Workspace, host and user process separation, and r...
# announcements
Workspace, host and user process separation, and repository definition Dagit and other tools no longer load a single repository containing user definitions such as pipelines into the same process as the framework code. Instead, they load a "workspace" that can contain multiple repositories sourced from a variety of different external locations (e.g., Python modules and Python virtualenvs, with containers and source control repositories soon to come). The repositories in a workspace are loaded into their own "user" processes distinct from the "host" framework process. Dagit and other tools now communicate with user code over an IPC mechanism. This architectural change has a couple of advantages: - Dagit no longer needs to be restarted when there is an update to user code. - Users can use repositories to organize their pipelines, but still work on all of their repositories using a single running Dagit. - The Dagit process can now run in a separate Python environment from user code so pipeline dependencies do not need to be installed into the Dagit environment. - Each repository can be sourced from a separate Python virtualenv, so teams can manage their dependencies (or even their own Python versions) separately. We have introduced a new file format,
, in order to support this new architecture. The workspace yaml encodes what repositories to load and their location, and supersedes the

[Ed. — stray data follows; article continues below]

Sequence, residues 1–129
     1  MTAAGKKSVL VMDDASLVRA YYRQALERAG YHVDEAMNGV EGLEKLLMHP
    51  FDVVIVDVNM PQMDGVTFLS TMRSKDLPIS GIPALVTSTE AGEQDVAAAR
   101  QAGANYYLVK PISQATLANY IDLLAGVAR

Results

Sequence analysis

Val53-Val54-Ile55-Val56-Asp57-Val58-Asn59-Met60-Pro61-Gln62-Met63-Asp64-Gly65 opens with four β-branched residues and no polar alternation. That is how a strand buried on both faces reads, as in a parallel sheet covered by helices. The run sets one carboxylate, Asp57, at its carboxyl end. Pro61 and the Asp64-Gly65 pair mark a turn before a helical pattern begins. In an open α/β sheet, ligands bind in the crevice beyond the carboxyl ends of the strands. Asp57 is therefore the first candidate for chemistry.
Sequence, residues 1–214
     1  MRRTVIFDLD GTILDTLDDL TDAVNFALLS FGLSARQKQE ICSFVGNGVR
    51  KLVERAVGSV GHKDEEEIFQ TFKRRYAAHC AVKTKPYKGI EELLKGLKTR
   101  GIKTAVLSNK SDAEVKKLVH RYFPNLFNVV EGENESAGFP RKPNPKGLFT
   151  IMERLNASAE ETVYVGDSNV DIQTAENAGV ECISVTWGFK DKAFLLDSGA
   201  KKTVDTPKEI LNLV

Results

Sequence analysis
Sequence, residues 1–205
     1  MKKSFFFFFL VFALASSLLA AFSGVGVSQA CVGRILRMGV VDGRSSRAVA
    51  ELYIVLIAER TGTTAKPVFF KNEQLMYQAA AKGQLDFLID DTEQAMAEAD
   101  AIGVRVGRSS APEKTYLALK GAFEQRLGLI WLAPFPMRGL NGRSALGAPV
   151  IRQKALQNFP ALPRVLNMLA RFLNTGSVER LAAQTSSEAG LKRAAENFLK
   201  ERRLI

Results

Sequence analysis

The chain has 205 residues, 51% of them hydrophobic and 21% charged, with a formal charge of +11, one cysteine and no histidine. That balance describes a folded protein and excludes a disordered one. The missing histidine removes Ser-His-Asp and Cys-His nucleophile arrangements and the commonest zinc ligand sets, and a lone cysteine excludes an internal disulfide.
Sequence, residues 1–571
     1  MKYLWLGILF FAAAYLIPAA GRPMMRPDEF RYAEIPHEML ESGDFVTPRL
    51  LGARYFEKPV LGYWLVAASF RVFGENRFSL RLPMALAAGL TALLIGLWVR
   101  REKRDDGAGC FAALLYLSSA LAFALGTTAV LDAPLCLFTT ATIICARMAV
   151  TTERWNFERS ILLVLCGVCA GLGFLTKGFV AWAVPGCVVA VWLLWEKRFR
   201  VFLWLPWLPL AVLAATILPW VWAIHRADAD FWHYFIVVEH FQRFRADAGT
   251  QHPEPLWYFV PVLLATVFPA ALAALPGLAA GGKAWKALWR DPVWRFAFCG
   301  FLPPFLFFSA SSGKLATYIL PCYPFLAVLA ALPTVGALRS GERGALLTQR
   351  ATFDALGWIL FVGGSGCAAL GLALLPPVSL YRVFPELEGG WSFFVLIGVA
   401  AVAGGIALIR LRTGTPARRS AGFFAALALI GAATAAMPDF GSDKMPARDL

file and associated machinery. As a consequence, Dagster internals are now stricter about how pipelines are loaded. If you have written scripts or tests in which a pipeline is defined and then passed across a process boundary (e.g., using the
or dagstermill), you may now need to wrap the pipeline in the
utility function for it to be reconstructed across the process boundary. In addition, rather than instantiate the
class directly, users should now prefer the
decorator. As part of this change, the
decorators have been removed, and their functionality subsumed under
I just want to reiterate here what a massive change to the system this, but a great one and puts us on trajectory to all sorts of interesting things. However given that it is such a huge change some of y’all might run into bugs!
- Dagit no longer needs to be restarted when there is an update to user code.
When does dagit refresh, upon code save? I couldn't get dagit 0.8 to refresh.
@Binh Pham we had to temporarily remove this feature as it now requires a wholly different implementation, but we will readd it soon!
Thanks for letting us know that this is still valuable